Nice bike for touring on and for putting away many kilometres. Easy to sit on all day long and will smoothly get you from A to B. Running Pirelli Angels and these are very positive. The mirrors are set low and don't afford very good visibility, unless you are interested in seeing the knuckles of your gloves. Plenty of creature comforts to make the long haul easier and more enjoyable, my favourites being the adjustable screen which I use to help modulate airflow over my body to keep cool and the stereo. It is certainly squarely aimed at touring ...and/or long rides and is not an all round bike. It does what it is designed to do well and is boringly nice. Comfortable seat and riding position, speakers, adjustable screen, good torque for smooth riding, manouverable for its size, economical fuel consumption, cruise control Poor visibility in rear view mirrors and location of them, sluggish from standing start, pannier space is hard to utilise well, clunky gearbox - first is difficult to engage from neutral and keeps hitting neutral on the upshift from first
Questions & Answers
Thanks for all the answers about what to look for when buying a used R1200RT.
Another question.......... Is there some place to register on BMW so they can email me if there is a recall on either the bike or a parts that needs to be replaced? I stumbled across a web side that mention about the rear brake disc that needs replacing. It turned out mine was one of them. I hope my nearest BMW dealer will be kind enough to let me know. But in the mean time its all wondering and searching.
Funny enough just this morning I received a letter from the BMW Group Australia with reference to my chassis number to get me to replace the rear wheel flange for being faulty. Sadly mine had failed earlier and I replaced it at my expense. So to answer your question, having the bike serviced with an authorised repairer ensure you're in the information loop.
You will not believe this... This morning i received a letter from BMW Group (customer relations manager) I was automatically registered on their website when i purchased the bike. I appreciate the service, and i think me and BMW are going to become good friends. Happy days and hours of fun on my BMW. Thanks REMCO.
I am about to buy a R1200RT it is a 2009 model. This bike was a old police bike with 44 000 on the clock. It looks very neat, But what questions do i need to ask? And what do i need to look out for?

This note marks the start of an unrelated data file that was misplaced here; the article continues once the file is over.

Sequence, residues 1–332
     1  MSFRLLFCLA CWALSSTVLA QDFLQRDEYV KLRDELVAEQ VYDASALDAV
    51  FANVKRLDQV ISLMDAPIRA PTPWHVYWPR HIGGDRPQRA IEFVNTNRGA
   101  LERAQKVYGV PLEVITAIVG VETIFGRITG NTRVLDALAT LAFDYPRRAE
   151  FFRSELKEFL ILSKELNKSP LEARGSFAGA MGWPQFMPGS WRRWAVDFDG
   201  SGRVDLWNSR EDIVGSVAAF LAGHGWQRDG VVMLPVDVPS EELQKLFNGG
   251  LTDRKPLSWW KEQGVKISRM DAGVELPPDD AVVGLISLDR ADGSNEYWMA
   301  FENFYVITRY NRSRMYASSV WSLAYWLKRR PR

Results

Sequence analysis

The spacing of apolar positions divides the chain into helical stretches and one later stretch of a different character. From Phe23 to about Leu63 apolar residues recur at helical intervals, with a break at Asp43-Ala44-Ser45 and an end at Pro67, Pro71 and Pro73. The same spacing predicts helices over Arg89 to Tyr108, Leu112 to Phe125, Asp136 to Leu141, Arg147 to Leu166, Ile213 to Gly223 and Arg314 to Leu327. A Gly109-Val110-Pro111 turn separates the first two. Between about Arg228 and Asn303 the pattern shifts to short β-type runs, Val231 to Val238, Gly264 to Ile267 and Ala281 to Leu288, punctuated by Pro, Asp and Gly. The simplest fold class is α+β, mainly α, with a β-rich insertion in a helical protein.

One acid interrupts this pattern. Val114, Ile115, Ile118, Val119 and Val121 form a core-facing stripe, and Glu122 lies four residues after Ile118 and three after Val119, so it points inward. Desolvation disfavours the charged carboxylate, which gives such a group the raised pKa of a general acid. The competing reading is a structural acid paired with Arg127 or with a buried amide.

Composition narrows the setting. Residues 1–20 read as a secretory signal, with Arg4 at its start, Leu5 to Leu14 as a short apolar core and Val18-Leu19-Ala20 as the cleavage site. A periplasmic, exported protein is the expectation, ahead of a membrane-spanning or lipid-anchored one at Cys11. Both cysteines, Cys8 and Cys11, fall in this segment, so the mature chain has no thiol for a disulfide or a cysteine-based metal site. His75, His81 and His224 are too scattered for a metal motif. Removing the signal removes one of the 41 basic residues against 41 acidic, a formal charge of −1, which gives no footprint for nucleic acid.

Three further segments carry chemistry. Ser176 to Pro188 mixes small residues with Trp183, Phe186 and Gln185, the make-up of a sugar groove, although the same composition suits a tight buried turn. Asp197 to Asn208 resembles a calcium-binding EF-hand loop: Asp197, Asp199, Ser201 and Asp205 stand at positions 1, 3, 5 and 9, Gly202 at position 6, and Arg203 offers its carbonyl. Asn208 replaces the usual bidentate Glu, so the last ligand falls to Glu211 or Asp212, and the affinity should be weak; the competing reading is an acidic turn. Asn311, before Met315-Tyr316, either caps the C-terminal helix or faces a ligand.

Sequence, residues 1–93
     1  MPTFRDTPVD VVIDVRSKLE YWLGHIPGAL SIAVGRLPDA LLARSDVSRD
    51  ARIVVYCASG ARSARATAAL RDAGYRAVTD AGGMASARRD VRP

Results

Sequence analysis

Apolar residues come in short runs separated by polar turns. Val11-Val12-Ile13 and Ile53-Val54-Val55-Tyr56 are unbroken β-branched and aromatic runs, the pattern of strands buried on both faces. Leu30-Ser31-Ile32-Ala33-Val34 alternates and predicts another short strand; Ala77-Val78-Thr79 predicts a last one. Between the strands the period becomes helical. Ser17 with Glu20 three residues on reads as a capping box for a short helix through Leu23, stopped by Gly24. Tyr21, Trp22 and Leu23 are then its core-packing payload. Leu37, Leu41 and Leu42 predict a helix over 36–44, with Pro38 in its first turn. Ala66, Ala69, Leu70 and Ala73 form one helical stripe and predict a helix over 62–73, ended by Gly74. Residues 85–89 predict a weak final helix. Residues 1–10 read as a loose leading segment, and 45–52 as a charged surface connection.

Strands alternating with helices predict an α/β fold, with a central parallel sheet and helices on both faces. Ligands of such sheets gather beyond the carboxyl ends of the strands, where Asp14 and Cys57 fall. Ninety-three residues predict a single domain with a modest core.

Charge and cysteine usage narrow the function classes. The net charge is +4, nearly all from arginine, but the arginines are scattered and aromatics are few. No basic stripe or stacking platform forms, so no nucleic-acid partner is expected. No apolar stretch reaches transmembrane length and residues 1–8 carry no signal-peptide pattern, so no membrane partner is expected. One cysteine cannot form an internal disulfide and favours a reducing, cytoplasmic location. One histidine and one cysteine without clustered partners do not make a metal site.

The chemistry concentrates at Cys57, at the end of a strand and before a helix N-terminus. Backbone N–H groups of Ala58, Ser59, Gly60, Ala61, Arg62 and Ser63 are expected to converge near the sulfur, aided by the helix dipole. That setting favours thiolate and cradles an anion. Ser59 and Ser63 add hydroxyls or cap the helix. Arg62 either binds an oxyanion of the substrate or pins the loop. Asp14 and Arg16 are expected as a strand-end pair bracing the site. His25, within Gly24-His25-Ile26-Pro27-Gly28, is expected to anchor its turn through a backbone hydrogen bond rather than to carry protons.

Ask the owner if it was used for daily commuting in the city to work or used for touring. City riding is hard on the bike compared to the open road. The reason I mention that is that these bikes have a clutch at the rear of the engine that are expensive to repair...quite a job to get to it and replace the clutch assembly. Something with that many kms on it in city traffic may be due for a new clutch down the track. Of course you can gauge clutch wear by how far you have to release the clutch lever before the bike starts to move off from stationary. If the lever is a long way out - IE 3/4 of it's travel or more it is a clear indication that the clutch plate is worn. If there is a shudder as you release the pedal that is also a sign of a uneven wear in the clutch.
The engine's rear main oil seal can go and cause oil to get onto the clutch plate hence creating poor clutch performance. If there is any sign of oil under the rear of the engine (even weeping slightly) that is a good indicator of a leaking rear seal. Also check the drive shaft for any leaks or excessive movement in the outer housing. All in all they are a great bike and very reliable.. I am giving you a mechanical point of view to just check it out so you don't get hit with expensive repairs down the track. Hope this helps!
Thanks guys this is very helpfull. Hope you have a great day.
I am thinking of trading my RT 2006. It only has 33000ks on it but it is getting a bit outdated I feel.
I ride mainly with Adventure type bikes and I feel like a bit of a Dinosaur. Would the 1200R be a better bike?
A "dinosaur"? Hmmm I just rode from Townsville to Perth, 7 000km on the RT in ten days. It purrs at 130kph (in the NT :) ) and steers itself by leaning into the curve of the road. It's quiet, easy to maintain (no coolant for example), a low centre of gravity, light with high power to weight ratio and comfortable to sit on for a 12 hour day doing 1200 km Newman to Perth in one day (and I'm 65 btw). I can see reason for moving to a lighter bike eg the Honda NC700 or whatever), but not a stripped down version of the RT. I can see reason for the cost and availability of parts to change, but this aint a dinosaur. I have two RTs btw.